Things are going well for me here, I have a wonderful home and it’s a great pleasure for me to observe London and the English way of life and the English themselves, and I also have nature and art and poetry, and if that isn’t enough, what is?
Letter to Theo van Gogh, January 1874
A few weeks ago I went to London and saw the Van Gogh exhibition shown at the Tate Britain. Now, Van Gogh isn’t exactly up-and-coming and we have all seen various shows featuring his famous works. This particular exhibition though left me elevated and inspired. So much so that it still is very much fresh in my mind. This is why I decided to write about it here, even though the exhibition has ended a few days ago.
One thing that stroke me about the exhibition was the original angle chosen by the curators : Van Gogh’s relationship with England, and how he influenced modern British art. For once, the emphasis wasn’t so much on his many life struggles dealing with poverty, mental illness and lack of recognition, but on his life as a young man moving to London to work for an art dealer. This brings me to my second point: I learned SO MUCH about Van Gogh’s life thanks to this exhibition – like how he enjoyed walking along the Thames every day to go to work, or how he loved prints and collected over two thousands throughout his life. I also found out that he started drawing when he was writing letters to his family back in Holland. He would describe familiar sceneries and sites and would often add drawings for better understanding. He was also very moved by the life conditions of the working class and this concern is visible in his paintings.
All in all, the exhibition enlightened me on Van Gogh’s inspirations and life choices that then brought him to become one of the most important artist of the 19th century.
Sadly, the exhibition is now over, but I strongly encourage you to get the exhibition catalogue if you are interested in Van Gogh’s life.
Have you ever heard of Berthe Morisot? Neither had I. Until very recently – a couple of weeks ago to be precise, when I saw her work at the Musée Marmottan-Monet, I had never heard of or seen any of Morisot’s work. Even though she was one of the main figures of the impressionist movement. What a shame! It makes me wonder as to the reason why? Is it because of bad luck or missed opportunities? Or is it because, as a female artist, her work isn’t as famous as her counterparts such as Monet or Renoir?
In any case, I am glad I found her because her work, which is currently exhibited at the Musée d’Orsay, in Paris, shows so much talent and dare that it would have been a shame to miss it.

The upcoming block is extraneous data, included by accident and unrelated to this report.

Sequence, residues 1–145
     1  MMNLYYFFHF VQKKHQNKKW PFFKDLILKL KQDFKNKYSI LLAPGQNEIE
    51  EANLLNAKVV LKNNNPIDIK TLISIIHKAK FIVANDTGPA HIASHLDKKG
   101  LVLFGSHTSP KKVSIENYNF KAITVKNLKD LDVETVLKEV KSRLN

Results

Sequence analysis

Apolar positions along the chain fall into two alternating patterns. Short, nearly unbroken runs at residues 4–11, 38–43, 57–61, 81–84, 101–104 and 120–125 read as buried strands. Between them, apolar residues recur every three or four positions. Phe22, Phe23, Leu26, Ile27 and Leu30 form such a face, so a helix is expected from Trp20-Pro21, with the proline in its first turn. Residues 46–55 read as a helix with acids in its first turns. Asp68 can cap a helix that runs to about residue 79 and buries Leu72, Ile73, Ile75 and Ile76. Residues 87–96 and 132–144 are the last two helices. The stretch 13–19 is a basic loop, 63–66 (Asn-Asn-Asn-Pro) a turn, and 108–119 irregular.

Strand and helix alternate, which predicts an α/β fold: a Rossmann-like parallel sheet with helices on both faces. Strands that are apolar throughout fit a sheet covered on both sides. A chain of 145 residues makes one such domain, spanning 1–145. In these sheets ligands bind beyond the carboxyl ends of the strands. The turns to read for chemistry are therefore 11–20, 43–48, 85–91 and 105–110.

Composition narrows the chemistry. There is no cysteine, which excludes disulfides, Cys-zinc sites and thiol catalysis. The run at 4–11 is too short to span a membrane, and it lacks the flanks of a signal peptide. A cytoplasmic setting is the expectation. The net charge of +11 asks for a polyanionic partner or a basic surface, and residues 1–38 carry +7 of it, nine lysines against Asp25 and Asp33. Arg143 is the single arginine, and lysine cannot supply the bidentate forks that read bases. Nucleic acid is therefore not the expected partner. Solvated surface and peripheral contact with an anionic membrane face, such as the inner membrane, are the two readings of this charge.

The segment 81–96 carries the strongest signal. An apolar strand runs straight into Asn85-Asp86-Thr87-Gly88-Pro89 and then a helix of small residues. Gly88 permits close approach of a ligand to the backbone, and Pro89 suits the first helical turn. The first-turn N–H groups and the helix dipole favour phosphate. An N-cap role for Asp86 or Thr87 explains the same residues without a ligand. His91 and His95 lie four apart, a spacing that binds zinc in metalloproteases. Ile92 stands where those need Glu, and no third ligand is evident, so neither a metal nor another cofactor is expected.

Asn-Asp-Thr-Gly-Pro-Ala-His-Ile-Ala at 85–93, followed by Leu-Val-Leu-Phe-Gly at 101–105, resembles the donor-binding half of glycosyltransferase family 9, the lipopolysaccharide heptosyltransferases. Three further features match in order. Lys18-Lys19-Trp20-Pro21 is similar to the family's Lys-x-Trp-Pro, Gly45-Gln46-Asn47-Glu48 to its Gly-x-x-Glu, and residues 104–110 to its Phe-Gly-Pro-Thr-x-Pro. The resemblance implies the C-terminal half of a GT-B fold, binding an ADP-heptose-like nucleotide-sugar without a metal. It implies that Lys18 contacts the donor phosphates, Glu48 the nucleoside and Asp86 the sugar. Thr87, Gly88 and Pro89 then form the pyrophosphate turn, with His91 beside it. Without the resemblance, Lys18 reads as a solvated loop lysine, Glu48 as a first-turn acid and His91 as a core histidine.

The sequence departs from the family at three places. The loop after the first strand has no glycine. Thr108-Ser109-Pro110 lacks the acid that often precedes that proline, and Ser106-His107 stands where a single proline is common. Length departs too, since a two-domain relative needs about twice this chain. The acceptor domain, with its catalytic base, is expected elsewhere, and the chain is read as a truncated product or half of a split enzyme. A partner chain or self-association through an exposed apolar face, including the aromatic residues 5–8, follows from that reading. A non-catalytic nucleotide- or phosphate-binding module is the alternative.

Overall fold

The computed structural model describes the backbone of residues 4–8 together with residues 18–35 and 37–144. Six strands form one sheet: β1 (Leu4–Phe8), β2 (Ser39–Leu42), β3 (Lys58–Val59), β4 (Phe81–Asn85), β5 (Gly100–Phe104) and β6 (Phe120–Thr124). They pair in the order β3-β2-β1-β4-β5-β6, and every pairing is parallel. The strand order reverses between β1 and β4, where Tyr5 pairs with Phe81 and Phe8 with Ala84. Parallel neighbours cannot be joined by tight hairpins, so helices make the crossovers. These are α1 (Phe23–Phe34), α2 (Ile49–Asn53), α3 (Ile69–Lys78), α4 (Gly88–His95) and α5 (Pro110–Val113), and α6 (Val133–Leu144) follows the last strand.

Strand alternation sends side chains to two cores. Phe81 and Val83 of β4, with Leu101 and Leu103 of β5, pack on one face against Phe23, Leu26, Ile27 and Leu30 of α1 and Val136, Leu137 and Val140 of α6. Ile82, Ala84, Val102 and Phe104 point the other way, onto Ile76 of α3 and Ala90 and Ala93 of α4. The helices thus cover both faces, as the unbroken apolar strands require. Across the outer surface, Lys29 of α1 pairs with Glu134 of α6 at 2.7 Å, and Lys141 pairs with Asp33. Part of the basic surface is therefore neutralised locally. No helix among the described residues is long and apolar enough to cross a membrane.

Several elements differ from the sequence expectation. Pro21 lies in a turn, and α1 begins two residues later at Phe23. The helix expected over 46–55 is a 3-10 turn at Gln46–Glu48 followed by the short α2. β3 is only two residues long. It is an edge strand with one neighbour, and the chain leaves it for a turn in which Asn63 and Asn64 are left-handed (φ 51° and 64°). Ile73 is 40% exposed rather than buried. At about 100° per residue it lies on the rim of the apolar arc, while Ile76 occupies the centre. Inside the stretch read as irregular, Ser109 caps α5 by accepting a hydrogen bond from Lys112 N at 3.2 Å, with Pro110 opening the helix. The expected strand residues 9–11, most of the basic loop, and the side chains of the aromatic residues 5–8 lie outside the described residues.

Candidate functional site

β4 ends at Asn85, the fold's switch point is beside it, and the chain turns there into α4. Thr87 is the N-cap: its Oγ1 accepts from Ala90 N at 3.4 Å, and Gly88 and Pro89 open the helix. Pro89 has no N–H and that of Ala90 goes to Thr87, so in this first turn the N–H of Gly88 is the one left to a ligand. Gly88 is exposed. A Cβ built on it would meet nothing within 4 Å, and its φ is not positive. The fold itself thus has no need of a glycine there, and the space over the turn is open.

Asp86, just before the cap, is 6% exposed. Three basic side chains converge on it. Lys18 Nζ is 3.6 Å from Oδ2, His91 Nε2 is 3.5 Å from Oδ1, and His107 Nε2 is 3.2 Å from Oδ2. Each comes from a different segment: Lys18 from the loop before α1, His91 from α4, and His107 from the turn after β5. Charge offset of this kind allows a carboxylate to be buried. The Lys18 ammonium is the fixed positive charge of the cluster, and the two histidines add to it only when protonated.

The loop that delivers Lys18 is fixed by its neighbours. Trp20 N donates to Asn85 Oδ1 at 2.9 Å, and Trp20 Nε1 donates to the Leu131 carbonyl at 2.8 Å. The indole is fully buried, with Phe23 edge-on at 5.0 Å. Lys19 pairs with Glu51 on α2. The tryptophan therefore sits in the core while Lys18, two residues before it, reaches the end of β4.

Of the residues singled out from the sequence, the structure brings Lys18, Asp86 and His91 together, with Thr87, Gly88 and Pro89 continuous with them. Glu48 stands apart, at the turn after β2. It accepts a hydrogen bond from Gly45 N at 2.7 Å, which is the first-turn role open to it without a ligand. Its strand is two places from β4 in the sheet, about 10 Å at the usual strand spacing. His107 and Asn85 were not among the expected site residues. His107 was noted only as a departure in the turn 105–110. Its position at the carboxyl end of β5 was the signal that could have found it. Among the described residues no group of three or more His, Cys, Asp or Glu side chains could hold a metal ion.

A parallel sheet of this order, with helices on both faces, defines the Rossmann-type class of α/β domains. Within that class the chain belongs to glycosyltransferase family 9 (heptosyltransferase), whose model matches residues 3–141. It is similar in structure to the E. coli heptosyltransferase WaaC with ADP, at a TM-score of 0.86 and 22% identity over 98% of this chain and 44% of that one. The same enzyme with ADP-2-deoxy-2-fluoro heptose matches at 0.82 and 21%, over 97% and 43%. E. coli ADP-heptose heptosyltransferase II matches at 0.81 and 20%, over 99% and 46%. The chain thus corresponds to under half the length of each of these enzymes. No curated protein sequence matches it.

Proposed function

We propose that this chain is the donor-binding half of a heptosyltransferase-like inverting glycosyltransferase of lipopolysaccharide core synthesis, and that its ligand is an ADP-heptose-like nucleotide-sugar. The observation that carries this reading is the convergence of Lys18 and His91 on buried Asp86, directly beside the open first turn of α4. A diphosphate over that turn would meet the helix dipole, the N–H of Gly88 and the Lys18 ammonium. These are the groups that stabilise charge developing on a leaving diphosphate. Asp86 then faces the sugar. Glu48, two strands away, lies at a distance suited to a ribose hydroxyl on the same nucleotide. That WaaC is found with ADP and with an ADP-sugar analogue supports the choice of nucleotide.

Working mainly on figures and portraits, Morisot uses her painting to document modern life, particularly the life and status of women in the 19th century. Using her personal technique of nervous brush strokes that sometimes approached abstract art, she sometimes decided not to paint the whole canvas to point the focus entirely on the subject of the painting, usually absorbed into a reverie.
Morisot’s work is poetic, beautiful and in a way, avant-garde. It demands contemplation. You can do so if you’re in Paris at the Musée d’Orsay until Sept. 22nd.
Antivegetativa is the name of a thick anti-fouling paint used to cover old ships to prevent them from moulding. It basically kills any living form. This exhibition held at the Ex Elettrofonica gallery in Rome took over the whole exhibition space, “dipping” it into this beautiful blue colour. The walls, the floor but also the various objects (such as a chair and several paintings gathered from flea markets and old roman cellars) have all been covered by the blue paint. In his statement, Davide explains that he wants to experiment in stopping nature’s physicality as well as the passing of time.
(via Jealous Curator)
Australian artist Thomas C. Chung hand stitched 88 full-sized succulents for an installation called “A Promise Made, Is A Promise Kept” in 2013 at Bloom Art Space in Shanghai. 88 is a symbol of good fortune in Chinese culture, with the artwork speaking about growth and patience for change in the global climate (which he probably needed to hand-stitch them all!), as seen from a child’s point of view.
I love plants but since I have a tendency to kill them all (too much love?), perhaps it would be a good idea to invest in one of these cuties? (via Frankie Magazine)
It’s in this kind of occasion that I am SO happy I live in London. Felt artist Lucy Sparrow has taken over an old corner shop and transformed it into a felt wonderland. There you can find the usual stuff you would get from your local corner shop (from biscuits to pregnancy test!), Lucy hand stitched them all! I just cannot wait to go and see them all myself! If you can’t make it to London, not to worry, you can purchase any item on her e-shop.
The Cornershop, 19 Wellington Row, Bethnal Green, London.
(via The Guardian)
When I read about Ana Serrano in my beloved Frankie Magazine, she was mainly talking about her tiny little reconstructions of houses from LA. I loved the idea, and decided to investigate about the rest of her work. My favourite was Salon of Beauty, an installation commissioned by Rice Gallery in Houston.
After a few vain attempts to describe this installation by Urs Fischer at Sadie Coles‘s HQ, I have decided that I just couldn’t. It is too beautiful and surprising to put into words. So, here are the photos of the amazing Melodrama, and just a few interesting points about it:
Sadie Coles HQ / 62 Kingley Street / London W1B 5QN